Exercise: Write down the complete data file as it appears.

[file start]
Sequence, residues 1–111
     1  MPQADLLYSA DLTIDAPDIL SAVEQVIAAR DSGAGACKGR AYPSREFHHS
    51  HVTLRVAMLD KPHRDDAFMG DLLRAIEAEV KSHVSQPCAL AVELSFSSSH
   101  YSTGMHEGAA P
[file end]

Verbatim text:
Sequence, residues 1–111
     1  MPQADLLYSA DLTIDAPDIL SAVEQVIAAR DSGAGACKGR AYPSREFHHS
    51  HVTLRVAMLD KPHRDDAFMG DLLRAIEAEV KSHVSQPCAL AVELSFSSSH
   101  YSTGMHEGAA P